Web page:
The Case For Shopping In Real Life

by MR Magazine Staff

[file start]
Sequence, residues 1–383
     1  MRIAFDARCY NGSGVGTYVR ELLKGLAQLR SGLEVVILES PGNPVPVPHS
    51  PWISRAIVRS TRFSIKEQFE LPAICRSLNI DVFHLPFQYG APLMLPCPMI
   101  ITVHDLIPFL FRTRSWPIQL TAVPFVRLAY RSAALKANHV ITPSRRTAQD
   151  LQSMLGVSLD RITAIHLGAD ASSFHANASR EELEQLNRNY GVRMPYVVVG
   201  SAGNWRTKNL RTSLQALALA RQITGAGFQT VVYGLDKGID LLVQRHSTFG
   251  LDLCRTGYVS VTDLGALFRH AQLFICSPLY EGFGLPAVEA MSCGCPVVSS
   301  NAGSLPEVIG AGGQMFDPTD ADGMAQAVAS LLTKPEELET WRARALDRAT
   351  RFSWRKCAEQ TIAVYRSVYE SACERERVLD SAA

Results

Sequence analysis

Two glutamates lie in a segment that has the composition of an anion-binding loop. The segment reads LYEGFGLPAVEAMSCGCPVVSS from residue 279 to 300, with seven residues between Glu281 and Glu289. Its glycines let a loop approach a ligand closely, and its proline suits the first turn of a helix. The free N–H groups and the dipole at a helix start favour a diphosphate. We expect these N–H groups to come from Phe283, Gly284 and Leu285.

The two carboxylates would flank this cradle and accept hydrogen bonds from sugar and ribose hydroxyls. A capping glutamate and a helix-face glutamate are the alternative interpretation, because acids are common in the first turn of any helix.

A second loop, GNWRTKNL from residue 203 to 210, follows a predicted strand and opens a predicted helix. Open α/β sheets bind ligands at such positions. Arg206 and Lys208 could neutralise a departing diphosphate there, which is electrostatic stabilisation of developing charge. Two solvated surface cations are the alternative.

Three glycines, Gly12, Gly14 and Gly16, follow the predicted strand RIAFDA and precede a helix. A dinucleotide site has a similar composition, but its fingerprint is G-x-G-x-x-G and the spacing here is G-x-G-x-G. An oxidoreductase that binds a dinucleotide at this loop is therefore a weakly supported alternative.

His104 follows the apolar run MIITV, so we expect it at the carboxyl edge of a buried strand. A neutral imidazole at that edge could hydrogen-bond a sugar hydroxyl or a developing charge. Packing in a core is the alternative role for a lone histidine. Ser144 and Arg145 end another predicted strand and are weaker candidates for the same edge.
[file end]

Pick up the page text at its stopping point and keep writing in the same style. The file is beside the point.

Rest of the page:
When I was 6, my aunt took me shopping at Hutzler’s, the fancy department store in my hometown, Baltimore. Although it was the mid-1970s, ladies with blue-tinted hair ate sandwiches without crusts in the tearoom. And as we shopped, I wandered through what seemed like endless displays of textures, shapes, colors and smells. I was a fearful child from a household with little money and even less attention paid to children. Hutzler’s was the highlight of that year. I have no idea what I bought, but I still remember the experience. Hutzler’s went out of business long ago, and I live in New York City now. When I go shopping, I go to Barneys, ABC, the first floor of Saks. Can I afford to buy most of what these places offer? No. But I’m not there for the purchase, I’m there for the experience. Perhaps I’m shallow, but I’ve always been easily moved by beautiful objects and items. When I was a child, I was obsessed with Fabergé eggs, and I cruised the local yard sales for rhinestone necklaces and scraps of velvet and lace. A good department store floor has the same effect on me. I hear myself audibly gasp and sigh at the jewelry on display under glass countertops, and the right fabric draped in the right way over a mannequin makes my heart contract. Read more at The New York Times.